* there is a much stronger organisational structure built to sell and support in-house PBXs than for hosted services
* individual salespeople have deep, field-level relationships with PBX vendors, many of which provide sales incentives
* general suspicion towards hosted PBX as an inferior product.

Verizon Business Adds Global Managed Ethernet Services

Verizon Business is expanding its Managed Services portfolio with the addition of "Global Managed Ethernet." Now, multinational organizations can use Verizon Ethernet services in a managed network environment containing just those services, or in combination with other network services for a complete end-to-end, global managed network solution.

New managed offerings include Ethernet Private Line Service, Ethernet Virtual Private Line Service and Virtual Private LAN Service. Customers who employ Private IP Layer 2 will also be able to choose a managed service.

'For the first time, our customers can combine the power of MPLS and Ethernet in a fully managed end-end-to-end global networking solution,' said Anthony Recine, vice president of networking and communications solutions for Verizon Business. 'Together our Private IP and Ethernet services deliver an ideal business communications platform to handle big-bandwidth applications in a similar fashion, no matter where they are located around the world.'

These managed services support a variety of applications including VoIP, storage and business continuity, large file transfers, distance learning, content delivery and unified communications.

10% of Mobile Users Check Social Network Status Daily

Social networking is a logical and growing activity for mobile phone users, especially those with smartphones, but also feature phone users to an extent. That said, 73 percent of respondents to a recent Forrester Research survey say they "never" use social networks on their phones, reflecting the relatively small percentage of smart phones in the installed base.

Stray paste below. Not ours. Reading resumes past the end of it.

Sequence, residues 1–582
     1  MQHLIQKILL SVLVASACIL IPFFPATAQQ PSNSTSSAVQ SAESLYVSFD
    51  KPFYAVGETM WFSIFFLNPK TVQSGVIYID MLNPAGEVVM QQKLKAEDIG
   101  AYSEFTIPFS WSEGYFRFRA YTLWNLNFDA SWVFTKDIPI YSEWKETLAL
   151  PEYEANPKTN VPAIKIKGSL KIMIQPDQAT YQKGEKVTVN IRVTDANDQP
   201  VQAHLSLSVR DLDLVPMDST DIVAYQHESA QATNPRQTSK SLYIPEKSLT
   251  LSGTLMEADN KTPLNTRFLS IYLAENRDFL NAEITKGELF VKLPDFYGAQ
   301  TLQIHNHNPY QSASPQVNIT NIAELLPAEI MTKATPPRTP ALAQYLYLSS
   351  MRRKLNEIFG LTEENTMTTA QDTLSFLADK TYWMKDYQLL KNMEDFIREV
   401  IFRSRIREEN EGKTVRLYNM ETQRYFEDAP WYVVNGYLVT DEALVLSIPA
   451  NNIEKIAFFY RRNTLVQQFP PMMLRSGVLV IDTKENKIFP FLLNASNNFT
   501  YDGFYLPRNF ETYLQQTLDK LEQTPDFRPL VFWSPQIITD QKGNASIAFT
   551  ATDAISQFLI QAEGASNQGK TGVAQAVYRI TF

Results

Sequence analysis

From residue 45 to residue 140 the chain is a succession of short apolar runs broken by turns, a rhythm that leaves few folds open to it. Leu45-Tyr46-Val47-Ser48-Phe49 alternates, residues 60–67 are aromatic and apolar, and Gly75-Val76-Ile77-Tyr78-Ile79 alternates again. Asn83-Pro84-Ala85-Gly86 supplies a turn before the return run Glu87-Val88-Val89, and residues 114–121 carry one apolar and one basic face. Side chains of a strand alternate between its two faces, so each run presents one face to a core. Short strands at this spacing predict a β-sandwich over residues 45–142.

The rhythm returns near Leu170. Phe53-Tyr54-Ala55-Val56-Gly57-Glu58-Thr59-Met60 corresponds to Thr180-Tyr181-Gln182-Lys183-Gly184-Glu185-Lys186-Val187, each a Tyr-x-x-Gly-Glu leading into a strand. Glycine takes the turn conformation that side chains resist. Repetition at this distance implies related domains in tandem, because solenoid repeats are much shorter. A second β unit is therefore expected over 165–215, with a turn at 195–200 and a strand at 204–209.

That's one reason about half of users say they never use mobile apps, either. Most phones being used today do not support app downloads.

Average Fixed Line Broadband Connection Represents 15 Gbytes a Month of Demand

The average fixed-line broadband connection generates 14.9 GBytes of Internet traffic per month, up from 11.4 GBytes per month in 2009, an increase of 31 percent, Cisco Systems says, in its latest "Visual Networking Index." As you might expect, video consumption is driving the growth.

In North America, nearly 60 percent of the top 100 sites for the last year were video and gaming sites. Video streaming and downloads (including gaming), social networking, and software updates dominate the top 10 sites in North America. Approximately 29 percent of the traffic from the top 100 sites in this region comes from the top 10 sites.

see the full results here

$1 Billion Mobile Video Calling Market in 2015

In-Stat projects mobile video calling revenue will exceed $1 billion by 2015, and also expects "Facetime," the iPhone 4 app for video calling, will be among the key drivers.

In-Stat predicts the number of mobile video calling users will grow at a 115 percent compound annual growth rate through 2015, with Asia/Pacific consumers representing 53 percent of the mobile video calling minutes used by 2015.

Apple, Fring, OoVoo, Qik and Skype are among firms In-Stat believes will be driving the usage. By 2015, mobile video calling will result in over 9 petabytes in data traffic in North America.

Tough Christmas Selling Season for Consumer Electronics is Forecast

The 2010 Christmas selling season for consumer electronics isn't looking so good, says Stephen Baker, NPD Group VP, at least from the retailer and manufacturer standpoint. Pricing levels continue to flatten, so average selling prices are flat.